Editore"s Note
Tilting at Windmills

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January 26, 2009

JOB SECURITY FOR THE PERPETUALLY WRONG.... We learned this morning that the New York Times is finally letting go of Bill Kristol, who wrote his final column for the paper today. What we didn't know is where Kristol is headed.

Keep his career trajectory in mind. Kristol, in 2007, wrote misguided, predictable, and dull columns for Time magazine. When Time fired him, the New York Times decided he'd be a great addition to its stable of columnists. Now, after a year of misguided, predictable, and dull columns, the New York Times has fired him, and ... wait for it ... the Washington Post is ready to pick him up.

By way of Ben Armbruster, we see that the Politico's Mike Allen reports:

Progressives will delight when they get to the italic note at the end of Bill Kristol's column in The Times today say, "This is William Kristol's last column." His one-year contract was up. Sources tell Playbook that he's now beginning a monthly column in THE WASHINGTON POST.

It's extraordinary to see the job security someone like Kristol enjoys, beyond his already-prominent roles running the Weekly Standard and serving as an analyst for Fox News.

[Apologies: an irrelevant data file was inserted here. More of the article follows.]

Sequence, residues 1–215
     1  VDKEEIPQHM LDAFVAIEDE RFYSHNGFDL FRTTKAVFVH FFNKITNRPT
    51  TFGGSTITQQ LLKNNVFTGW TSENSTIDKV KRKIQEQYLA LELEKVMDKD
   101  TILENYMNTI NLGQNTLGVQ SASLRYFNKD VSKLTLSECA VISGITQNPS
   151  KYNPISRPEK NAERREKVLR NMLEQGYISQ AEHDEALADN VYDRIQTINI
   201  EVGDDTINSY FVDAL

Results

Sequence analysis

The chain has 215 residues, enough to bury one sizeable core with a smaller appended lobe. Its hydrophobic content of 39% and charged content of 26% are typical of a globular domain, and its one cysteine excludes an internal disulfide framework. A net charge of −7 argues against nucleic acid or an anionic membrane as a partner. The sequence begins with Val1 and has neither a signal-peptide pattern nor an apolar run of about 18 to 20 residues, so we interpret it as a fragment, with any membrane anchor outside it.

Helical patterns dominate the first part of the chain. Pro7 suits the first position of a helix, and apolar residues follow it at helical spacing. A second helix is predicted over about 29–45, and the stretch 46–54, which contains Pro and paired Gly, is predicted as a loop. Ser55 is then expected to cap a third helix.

In any other field, outside of conservative political commentary, Kristol's record would be nothing short of humiliating. He's been wrong, not only in his predictions -- you'll notice, for example, that John McCain was not inaugurated last week -- but in his analysis of most policy issues. And perhaps more importantly, as we discussed this morning, Kristol has a nasty habit of publishing columns with demonstrable, easy-to-notice factual errors, which the NYT had to run a series of corrections to address.

In what universe does the nation's second most prominent newspaper decide it wants to pay and publish the failed cast-off of its chief rival?